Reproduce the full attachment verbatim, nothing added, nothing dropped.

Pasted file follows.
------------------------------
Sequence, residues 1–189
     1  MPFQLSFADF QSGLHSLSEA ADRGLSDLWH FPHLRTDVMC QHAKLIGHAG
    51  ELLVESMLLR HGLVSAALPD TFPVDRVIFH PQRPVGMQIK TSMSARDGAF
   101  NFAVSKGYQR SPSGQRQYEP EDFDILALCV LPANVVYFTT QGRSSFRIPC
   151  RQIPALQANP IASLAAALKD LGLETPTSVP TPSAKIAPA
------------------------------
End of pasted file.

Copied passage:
Sequence, residues 1–189
     1  MPFQLSFADF QSGLHSLSEA ADRGLSDLWH FPHLRTDVMC QHAKLIGHAG
    51  ELLVESMLLR HGLVSAALPD TFPVDRVIFH PQRPVGMQIK TSMSARDGAF
   101  NFAVSKGYQR SPSGQRQYEP EDFDILALCV LPANVVYFTT QGRSSFRIPC
   151  RQIPALQANP IASLAAALKD LGLETPTSVP TPSAKIAPA